We all scream for ICE CREAM!
Katie Horan, Hampton Winds Pastry Chef,
As a pastry chef, I have a serious sweet tooth and I love most desserts in general, but one of my absolute favorites is ice cream! I love the sweet, creamy, cold custard in all its amazing forms-soft serve, hand scooped, milkshakes, sandwiches, cones, cups, and sundaes. If I am offered ice cream, the answer is always an easy yes! But, when did it all start?
There is no conclusive answer to that. There are several different theories to when ice cream first made its debut. It can be traced all the way back to the 4th century when Roman Emperor Nero ordered ice to be brought back from the mountains and mixed with fruits. It has certainly come a long way since then! Slowly, but surely, ice cream was worked on and improved and made its way to America. The first ice cream parlor in America was opened in New York City in 1776.
Through the years the process for making ice cream has been advanced by technology. The machinery we use today follows the same methods that were used originally. To make ice cream, you need to freeze the mixture while aerating it. The first ice cream machines used ice with salt to freeze the mixture. Salt helps ice stay frozen longer and hold its temperature. For one of the first ice cream machines, it had a wooden bucket base that you would fill with ice and salt, you would then place the metal cannister on top of the ice and fill the cannister with your ice cream base. Then, you add the hand crank mechanism that you use to hand-churn and aerate the ice cream as it is frozen from the ice below. The machines we use today follow the same principal but take out all the heavy legwork! They have condensers inside that freeze the ice cream without the addition of ice and salt, as well as mechanical arms that rotate and aerate the ice cream on its own. It is a much easier process today!
As a child, my favorite sound in the summer was the song of the ice cream truck coming down the street! “ICE CREAAMMMM!” My siblings and I would all race to our parents and beg for money to buy our favorite treats. One of my favorite treats was the classic chipwich! Vanilla ice cream sandwiched between two chocolate chip cookies and rolled in mini chocolate chips-now that’s a treat! If you love chipwiches as much as I do, you have to make this giant one for your family or next gathering! This recipe calls for vanilla ice cream, but there are no rules in my book when it comes to ice cream! Use your favorite flavor and switch it up! I personally would love this with some mint chocolate chip! Happy baking and happy national ice cream day!
• ¾ cup butter, room temperature
• 1 cup brown sugar
• 1 egg, plus 1 egg yolk
• 1 tablespoon vanilla extract
• ¾ tsp baking soda
• ¾ tsp salt
• 2 cups all purpose flour
• 1 ½ cups chocolate chips
• ½ gallon vanilla ice cream (or your favorite flavor!)
• 1 cup mini chocolate chips
1. Preheat your oven to 350.
2. Spray a 9” springform pan with cooking spray
3. In the bowl of a stand mixer, cream together the butter and sugar on medium high speed for 2 minutes or until light and fluffy. Add in the egg, yolk, vanilla, baking soda, and salt. Mix for 1 minute until smooth, scraping the bowl as necessary.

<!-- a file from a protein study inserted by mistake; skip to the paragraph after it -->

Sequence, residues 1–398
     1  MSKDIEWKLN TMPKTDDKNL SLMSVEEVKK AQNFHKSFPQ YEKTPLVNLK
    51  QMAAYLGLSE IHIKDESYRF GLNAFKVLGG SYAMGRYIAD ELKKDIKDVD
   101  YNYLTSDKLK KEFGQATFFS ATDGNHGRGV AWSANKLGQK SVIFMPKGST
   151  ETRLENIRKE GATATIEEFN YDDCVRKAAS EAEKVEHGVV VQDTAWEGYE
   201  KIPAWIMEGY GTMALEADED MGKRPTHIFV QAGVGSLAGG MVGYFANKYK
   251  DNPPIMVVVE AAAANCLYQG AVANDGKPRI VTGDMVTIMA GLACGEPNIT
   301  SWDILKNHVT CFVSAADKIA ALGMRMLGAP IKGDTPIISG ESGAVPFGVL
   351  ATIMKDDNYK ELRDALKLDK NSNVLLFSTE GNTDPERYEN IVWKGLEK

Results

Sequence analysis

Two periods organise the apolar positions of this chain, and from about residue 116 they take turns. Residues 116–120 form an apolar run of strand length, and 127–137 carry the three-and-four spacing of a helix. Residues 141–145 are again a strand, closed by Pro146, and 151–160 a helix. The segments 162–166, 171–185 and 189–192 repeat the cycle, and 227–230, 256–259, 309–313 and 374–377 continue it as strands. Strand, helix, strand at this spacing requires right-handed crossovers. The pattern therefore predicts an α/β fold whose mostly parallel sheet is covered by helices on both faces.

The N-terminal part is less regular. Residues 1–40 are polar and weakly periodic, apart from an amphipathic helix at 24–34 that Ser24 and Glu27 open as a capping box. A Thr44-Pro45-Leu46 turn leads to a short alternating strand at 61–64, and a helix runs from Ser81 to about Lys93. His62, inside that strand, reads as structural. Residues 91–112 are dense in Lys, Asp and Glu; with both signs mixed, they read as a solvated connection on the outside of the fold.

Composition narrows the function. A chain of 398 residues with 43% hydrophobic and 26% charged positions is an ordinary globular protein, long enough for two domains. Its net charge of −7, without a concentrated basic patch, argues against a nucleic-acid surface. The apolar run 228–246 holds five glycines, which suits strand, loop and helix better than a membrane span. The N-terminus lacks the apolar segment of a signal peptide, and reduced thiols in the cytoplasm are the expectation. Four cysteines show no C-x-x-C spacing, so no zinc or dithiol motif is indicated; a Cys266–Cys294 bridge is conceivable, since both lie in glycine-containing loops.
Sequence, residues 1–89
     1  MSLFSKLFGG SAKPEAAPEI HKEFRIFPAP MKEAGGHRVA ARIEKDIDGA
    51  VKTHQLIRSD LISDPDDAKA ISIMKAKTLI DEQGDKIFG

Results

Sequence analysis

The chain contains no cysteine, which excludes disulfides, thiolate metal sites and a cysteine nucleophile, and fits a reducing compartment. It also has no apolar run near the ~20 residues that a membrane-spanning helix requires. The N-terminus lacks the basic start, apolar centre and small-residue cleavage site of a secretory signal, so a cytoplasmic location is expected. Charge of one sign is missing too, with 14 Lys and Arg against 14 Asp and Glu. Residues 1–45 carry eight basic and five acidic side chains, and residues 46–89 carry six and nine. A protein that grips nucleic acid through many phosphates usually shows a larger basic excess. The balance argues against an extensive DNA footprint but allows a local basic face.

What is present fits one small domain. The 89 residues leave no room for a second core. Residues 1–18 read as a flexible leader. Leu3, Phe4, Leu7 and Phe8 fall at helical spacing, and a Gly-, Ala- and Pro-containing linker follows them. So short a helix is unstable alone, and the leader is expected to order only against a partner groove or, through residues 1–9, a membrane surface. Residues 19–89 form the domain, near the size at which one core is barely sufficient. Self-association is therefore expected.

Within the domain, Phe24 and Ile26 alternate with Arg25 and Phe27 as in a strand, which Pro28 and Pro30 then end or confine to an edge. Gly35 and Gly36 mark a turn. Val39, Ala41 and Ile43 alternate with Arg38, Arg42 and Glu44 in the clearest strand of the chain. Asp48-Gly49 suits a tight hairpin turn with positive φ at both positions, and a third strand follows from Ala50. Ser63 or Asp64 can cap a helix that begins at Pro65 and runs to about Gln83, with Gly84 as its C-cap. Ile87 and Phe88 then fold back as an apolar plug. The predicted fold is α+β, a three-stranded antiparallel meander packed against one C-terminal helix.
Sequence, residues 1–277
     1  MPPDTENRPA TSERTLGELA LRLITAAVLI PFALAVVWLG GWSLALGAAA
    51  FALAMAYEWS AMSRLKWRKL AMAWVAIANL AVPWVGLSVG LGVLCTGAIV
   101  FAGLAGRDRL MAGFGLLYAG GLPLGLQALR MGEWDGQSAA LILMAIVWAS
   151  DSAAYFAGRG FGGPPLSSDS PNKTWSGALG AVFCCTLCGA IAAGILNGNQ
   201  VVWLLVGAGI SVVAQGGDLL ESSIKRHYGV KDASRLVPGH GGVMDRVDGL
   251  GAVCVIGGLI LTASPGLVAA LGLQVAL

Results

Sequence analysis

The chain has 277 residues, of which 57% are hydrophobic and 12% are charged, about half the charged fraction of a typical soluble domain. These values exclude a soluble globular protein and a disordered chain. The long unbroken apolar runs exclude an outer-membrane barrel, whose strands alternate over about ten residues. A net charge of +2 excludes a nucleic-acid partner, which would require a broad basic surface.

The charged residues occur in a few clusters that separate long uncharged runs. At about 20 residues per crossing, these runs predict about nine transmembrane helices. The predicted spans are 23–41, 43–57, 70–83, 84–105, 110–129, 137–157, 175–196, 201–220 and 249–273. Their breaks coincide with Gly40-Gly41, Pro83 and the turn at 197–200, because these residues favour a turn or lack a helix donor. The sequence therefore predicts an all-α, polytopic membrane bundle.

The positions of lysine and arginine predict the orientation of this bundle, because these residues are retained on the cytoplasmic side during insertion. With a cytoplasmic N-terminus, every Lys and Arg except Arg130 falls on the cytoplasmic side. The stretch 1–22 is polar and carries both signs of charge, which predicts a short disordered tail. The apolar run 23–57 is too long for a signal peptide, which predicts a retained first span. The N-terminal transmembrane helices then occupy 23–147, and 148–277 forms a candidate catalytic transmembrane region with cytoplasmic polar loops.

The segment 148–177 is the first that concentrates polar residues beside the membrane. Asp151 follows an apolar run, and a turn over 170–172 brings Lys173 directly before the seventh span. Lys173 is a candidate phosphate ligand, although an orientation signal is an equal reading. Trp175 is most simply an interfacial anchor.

4. Turn the mixer to low and add the flour until just combined. Stir in the chocolate chips.
5. Divide the dough in half and press half into the bottom of the greased springform pan. Bake for 15-20 minutes or until the edges are golden brown.
6. Allow the cookie to cool in the pan for 10 minutes. Then open the springform pan and gently release the cookie using a spatula. Cool completely on a wire rack.
7. Clean the pan, spray again, and repeat the baking process with the remaining cookie dough.
8. When this cookie is done, leave to cool completely in the springform pan.
9. Once the second cookie is cooled, remove your ice cream from the freezer and allow it to thaw slightly so it’s spreadable. Don’t let it melt completely or your finished dessert will be icy!
10. Place all the ice cream on top of the cookie and spread it using an off-set spatula.
11. Place the other cookie on top and press down slightly so its even.
12. Cover the pan with aluminum foil and place it in the freezer for at least two hours.
13. When you’re ready to serve, remove the sides of the pan and press the mini chocolate chips into the ice cream on the side.
14. Slice, serve, and enjoy!
Northampton Community College's Culinary Arts program prepares students for careers as chefs, bakers, restaurants managers, and more. At NCC, you will learn from professional chefs as you earn your associate degree. This program typically takes two years to complete and all of the required classes are offered at our Bethlehem campus. Our culinary arts students have the opportunity to receive practical training in a modern commercial kitchen and work in our public restaurant, the Hampton Winds, in their second six months of the program.
Through various on-site special events, students have the opportunity to experience banquet style cooking and plating. In addition, the Chef in Residence program allows students to learn from experienced industry chefs and graduates. Students are given the opportunity to compete in a culinary competition for a chance to extern with Emeril Lagasse.